At issue before the Georgia Supreme Court recently was whether to include a second job in determining the amount an employee should be paid after suffering a work-related injury at the first job. Under Georgia law, the average weekly wage is calculated by examining the employee’s earnings over the 13 weeks immediately before the injury. In the case before the Court, the injured employee argued that her second job, similar in nature to the job at which she suffered a compensable injury, should be factored into her average weekly wage. The Supreme Court held that wages the employee earned in her second job in the prior 13 weeks before her injury should be factored into her average weekly wage, and therefore her workers’ compensation benefits.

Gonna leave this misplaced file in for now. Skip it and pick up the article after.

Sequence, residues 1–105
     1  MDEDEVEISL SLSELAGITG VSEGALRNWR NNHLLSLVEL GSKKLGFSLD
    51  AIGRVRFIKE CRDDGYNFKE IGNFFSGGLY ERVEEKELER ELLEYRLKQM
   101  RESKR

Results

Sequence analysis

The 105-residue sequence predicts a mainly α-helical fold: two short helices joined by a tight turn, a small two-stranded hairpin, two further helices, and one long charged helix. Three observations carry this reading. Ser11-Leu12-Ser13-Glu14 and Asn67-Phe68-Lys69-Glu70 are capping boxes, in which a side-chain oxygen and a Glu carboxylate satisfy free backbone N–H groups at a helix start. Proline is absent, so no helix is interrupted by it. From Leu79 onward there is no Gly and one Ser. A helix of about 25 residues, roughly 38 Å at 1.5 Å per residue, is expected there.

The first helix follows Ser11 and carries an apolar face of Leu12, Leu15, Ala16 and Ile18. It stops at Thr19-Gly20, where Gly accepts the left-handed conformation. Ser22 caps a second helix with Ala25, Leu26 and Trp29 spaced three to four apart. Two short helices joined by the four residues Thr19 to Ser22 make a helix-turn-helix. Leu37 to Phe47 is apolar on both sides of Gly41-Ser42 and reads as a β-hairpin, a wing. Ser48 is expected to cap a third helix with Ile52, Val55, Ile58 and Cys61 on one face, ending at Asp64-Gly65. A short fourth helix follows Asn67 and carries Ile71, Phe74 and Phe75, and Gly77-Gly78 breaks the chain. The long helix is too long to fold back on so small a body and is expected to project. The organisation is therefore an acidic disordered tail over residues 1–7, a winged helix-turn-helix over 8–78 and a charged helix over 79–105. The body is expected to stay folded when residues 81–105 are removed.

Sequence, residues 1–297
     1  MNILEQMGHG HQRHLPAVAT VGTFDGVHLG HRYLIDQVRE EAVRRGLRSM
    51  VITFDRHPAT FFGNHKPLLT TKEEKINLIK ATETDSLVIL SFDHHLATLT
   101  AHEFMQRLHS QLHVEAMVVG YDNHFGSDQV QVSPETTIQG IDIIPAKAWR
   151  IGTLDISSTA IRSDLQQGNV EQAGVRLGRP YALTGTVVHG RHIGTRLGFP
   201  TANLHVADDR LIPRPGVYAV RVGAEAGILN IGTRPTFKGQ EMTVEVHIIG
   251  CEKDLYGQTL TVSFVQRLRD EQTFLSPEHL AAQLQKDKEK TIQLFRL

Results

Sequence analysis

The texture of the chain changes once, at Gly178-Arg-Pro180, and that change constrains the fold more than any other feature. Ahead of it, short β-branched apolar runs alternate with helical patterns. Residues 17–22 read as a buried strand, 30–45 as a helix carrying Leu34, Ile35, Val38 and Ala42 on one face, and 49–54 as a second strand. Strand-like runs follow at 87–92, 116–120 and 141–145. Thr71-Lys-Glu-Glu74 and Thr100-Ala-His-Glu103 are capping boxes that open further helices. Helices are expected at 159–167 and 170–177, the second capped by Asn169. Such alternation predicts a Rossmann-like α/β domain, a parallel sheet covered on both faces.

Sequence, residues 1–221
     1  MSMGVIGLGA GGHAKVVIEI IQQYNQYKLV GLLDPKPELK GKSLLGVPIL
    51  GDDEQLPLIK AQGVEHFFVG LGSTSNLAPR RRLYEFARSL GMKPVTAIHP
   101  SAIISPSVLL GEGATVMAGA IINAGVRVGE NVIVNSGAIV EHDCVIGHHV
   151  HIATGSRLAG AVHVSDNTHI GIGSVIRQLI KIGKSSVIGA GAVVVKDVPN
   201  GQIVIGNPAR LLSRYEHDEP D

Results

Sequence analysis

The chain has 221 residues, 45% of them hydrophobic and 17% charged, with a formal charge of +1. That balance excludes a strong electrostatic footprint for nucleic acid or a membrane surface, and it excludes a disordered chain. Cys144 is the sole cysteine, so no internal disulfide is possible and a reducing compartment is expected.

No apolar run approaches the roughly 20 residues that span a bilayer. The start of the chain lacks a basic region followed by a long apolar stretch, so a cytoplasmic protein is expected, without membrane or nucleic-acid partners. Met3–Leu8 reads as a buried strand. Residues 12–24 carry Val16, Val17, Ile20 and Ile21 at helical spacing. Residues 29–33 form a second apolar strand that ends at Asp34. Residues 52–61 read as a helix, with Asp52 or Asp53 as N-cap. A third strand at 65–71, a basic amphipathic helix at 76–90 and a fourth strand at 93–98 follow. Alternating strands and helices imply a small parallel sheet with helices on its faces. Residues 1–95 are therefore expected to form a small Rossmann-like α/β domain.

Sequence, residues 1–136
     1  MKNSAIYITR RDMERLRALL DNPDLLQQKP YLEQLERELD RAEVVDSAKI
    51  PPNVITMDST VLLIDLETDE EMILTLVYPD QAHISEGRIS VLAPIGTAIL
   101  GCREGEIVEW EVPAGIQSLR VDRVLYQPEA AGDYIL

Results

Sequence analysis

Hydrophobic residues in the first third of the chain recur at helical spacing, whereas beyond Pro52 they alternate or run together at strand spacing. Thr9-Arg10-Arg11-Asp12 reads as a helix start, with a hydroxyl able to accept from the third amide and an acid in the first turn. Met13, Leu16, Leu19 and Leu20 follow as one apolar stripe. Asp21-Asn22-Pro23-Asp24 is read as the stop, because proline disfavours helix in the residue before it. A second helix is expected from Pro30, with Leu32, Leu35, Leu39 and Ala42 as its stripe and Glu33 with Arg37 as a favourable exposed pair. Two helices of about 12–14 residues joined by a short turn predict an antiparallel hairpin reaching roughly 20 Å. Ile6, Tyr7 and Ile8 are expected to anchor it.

Merita Thomas worked as a school bus driver with the Fulton County Board of Education since 2008. She drove buses during the nine months of the school year but received her salary over a 12-month period. During summer vacation, she worked at Quality Drive Away (“QDA”)as a driver of manufactured school buses from the Atlanta area to other parts of the country. Her employment there ended on July 30, 2011, and she returned to her position with Fulton County.
On October 19, 2011, Ms. Thomas was injured while working for Fulton County. She filed a workers’ compensation claim. The County did not dispute the compensability of her injury but did argue that the proper calculation of her weekly wage should not include her position as a driver at QDA.